Over the course of the last few decades, both law and society have struggled to deprogram unhelpful and downright destructive gender stereotypes that are ubiquitous in our everyday existence. It has not been an easy task, nor entirely successful on either the legal or cultural front. Laws that prohibit gender discrimination, such as Title VII, have helped end overt discrimination. The next phase involves the challenging problem of unconscious bias, which often effectively keeps us treading the same mental paths while bypassing any roads not traveled.
It is not surprising then that when the validity of even the basic categories of male and female are questioned, the collective unconscious of our society rebels even more against the challenge. The categories of male and female, like yin and yang, are a universal explanatory principle. Yet science has upset what we had come to think of as second nature - two easily identifiable sexes. Scientific evidence reveals that the terms "male" and "female" hide a complexity of biology, chromosomes, and chemicals that in some cases resist such easy labeling. Medical technology advanced in the latter part of the twentieth century to enable surgery to alter anatomy, and suddenly there was visual proof that your sex identified at birth was no longer the immutable characteristic that many assumed it to be.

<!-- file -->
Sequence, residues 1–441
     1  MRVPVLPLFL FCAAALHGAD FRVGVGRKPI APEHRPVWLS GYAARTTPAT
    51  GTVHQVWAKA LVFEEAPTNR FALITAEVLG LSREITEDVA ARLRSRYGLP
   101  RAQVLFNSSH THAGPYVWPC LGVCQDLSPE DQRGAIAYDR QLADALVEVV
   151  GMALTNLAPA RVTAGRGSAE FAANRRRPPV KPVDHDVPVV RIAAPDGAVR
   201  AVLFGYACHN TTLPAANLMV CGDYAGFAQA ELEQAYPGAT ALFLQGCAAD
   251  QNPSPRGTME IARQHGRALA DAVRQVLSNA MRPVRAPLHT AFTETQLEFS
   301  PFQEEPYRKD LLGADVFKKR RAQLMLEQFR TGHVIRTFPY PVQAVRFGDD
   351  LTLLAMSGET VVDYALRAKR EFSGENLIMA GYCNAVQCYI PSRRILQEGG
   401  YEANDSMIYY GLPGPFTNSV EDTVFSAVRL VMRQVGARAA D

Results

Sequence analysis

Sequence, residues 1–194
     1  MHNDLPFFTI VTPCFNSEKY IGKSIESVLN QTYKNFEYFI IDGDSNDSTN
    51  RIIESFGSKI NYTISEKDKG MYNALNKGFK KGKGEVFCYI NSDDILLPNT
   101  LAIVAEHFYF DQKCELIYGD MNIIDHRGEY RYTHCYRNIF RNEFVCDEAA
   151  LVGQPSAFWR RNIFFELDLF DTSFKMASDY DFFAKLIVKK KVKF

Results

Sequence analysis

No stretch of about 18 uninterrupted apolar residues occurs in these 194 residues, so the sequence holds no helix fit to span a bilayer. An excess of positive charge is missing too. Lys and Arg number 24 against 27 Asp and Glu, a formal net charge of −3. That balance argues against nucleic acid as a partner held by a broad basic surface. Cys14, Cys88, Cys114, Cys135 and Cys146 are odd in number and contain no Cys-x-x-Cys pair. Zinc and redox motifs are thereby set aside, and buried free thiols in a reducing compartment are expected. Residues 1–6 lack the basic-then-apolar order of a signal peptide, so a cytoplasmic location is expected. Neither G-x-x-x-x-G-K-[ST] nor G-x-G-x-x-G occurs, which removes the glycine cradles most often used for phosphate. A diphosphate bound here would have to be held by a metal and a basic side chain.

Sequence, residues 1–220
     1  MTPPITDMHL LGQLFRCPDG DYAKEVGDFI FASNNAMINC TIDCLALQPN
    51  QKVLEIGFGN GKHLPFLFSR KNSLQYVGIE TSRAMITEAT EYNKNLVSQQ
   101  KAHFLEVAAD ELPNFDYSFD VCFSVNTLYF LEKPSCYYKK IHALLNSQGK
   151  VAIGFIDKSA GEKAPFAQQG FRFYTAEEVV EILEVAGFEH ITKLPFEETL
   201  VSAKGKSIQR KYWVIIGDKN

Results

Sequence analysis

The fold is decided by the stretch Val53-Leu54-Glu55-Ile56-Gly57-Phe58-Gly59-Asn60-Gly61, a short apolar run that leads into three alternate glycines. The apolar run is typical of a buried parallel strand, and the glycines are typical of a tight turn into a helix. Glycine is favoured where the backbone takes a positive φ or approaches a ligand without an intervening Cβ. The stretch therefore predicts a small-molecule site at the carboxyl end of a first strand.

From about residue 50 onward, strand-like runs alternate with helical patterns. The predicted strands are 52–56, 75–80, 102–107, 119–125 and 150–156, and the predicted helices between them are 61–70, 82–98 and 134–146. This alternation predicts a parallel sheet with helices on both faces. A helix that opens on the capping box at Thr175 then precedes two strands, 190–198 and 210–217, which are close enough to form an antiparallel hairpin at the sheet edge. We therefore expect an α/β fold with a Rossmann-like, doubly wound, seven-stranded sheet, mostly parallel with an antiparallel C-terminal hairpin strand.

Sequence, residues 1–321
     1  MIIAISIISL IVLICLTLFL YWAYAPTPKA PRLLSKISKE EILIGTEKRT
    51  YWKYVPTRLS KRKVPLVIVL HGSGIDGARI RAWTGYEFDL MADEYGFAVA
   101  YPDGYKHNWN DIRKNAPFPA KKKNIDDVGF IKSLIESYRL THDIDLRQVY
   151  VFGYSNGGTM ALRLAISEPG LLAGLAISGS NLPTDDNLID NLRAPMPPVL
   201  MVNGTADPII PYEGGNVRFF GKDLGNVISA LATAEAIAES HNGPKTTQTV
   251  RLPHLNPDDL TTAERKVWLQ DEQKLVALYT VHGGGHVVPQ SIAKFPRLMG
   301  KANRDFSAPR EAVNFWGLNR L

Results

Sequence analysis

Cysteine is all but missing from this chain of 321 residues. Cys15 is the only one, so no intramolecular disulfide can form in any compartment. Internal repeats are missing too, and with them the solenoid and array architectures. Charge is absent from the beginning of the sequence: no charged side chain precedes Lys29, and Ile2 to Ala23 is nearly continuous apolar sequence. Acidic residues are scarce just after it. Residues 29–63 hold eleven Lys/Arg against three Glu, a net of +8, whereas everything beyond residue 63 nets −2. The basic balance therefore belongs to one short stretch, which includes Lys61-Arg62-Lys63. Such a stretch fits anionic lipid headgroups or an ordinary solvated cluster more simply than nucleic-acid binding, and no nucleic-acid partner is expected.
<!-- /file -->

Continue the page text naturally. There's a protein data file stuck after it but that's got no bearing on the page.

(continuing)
When confronted with these developments, an interesting mix of science, psychology, and law emerged in the court cases. This essay briefly surveys these cases and discusses some emerging trends. Shackled into labeling humans as unambiguously male and female, courts lose the ability to recognize the complexity of transsexuality. New information is shuttled off to storage because it does not fit into pre-existing categories. Ultimately, what we learn from this situation is that courts, like human brains, initially resist data that counters longstanding categorical assumptions. Presenting new scientific evidence is not in itself sufficient when asking courts to confront settled categorical rules; re-framing the debate in broader terms is essential. In Europe, the broad theory of human rights provided specific protection for transsex persons. In the United States, the broad theory of gender nonconformity, with the application in the area of how transsex persons were also subject to sex stereotyping, has proven persuasive. But with regard to marriage, courts in the United States have not grasped the complexity. They have shown a marked resistance to understanding the issues, and are locked into framing human intimacy in terms of male and female, even when unable to satisfactorily define those terms.
- constiutional law,
- cognitive psychology,
- human rights
Available at: http://works.bepress.com/marybeth_herald/3/